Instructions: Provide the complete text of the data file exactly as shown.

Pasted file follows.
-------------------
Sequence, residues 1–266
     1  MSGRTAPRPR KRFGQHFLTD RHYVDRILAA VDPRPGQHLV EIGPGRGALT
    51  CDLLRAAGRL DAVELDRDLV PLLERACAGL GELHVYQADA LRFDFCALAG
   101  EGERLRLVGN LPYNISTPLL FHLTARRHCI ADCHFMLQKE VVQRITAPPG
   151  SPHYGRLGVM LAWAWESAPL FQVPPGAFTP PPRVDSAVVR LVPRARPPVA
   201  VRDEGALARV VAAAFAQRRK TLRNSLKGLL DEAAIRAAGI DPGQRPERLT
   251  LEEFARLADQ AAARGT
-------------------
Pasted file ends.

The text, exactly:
Sequence, residues 1–266
     1  MSGRTAPRPR KRFGQHFLTD RHYVDRILAA VDPRPGQHLV EIGPGRGALT
    51  CDLLRAAGRL DAVELDRDLV PLLERACAGL GELHVYQADA LRFDFCALAG
   101  EGERLRLVGN LPYNISTPLL FHLTARRHCI ADCHFMLQKE VVQRITAPPG
   151  SPHYGRLGVM LAWAWESAPL FQVPPGAFTP PPRVDSAVVR LVPRARPPVA
   201  VRDEGALARV VAAAFAQRRK TLRNSLKGLL DEAAIRAAGI DPGQRPERLT
   251  LEEFARLADQ AAARGT